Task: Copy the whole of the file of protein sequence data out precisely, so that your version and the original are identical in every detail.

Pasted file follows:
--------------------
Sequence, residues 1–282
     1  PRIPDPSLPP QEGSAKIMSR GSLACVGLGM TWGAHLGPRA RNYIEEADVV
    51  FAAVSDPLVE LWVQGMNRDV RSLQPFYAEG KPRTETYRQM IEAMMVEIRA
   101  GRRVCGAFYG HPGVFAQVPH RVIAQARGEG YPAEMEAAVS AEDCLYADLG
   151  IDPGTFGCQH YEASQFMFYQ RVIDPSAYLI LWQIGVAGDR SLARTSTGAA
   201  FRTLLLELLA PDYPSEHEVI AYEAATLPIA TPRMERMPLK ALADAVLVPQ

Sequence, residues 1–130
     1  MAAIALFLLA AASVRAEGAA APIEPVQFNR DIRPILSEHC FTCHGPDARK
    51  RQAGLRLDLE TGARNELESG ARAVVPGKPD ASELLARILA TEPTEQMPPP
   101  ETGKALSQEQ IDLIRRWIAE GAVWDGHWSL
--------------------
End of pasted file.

Sequence, residues 1–282
     1  PRIPDPSLPP QEGSAKIMSR GSLACVGLGM TWGAHLGPRA RNYIEEADVV
    51  FAAVSDPLVE LWVQGMNRDV RSLQPFYAEG KPRTETYRQM IEAMMVEIRA
   101  GRRVCGAFYG HPGVFAQVPH RVIAQARGEG YPAEMEAAVS AEDCLYADLG
   151  IDPGTFGCQH YEASQFMFYQ RVIDPSAYLI LWQIGVAGDR SLARTSTGAA
   201  FRTLLLELLA PDYPSEHEVI AYEAATLPIA TPRMERMPLK ALADAVLVPQ

Sequence, residues 1–130
     1  MAAIALFLLA AASVRAEGAA APIEPVQFNR DIRPILSEHC FTCHGPDARK
    51  RQAGLRLDLE TGARNELESG ARAVVPGKPD ASELLARILA TEPTEQMPPP
   101  ETGKALSQEQ IDLIRRWIAE GAVWDGHWSL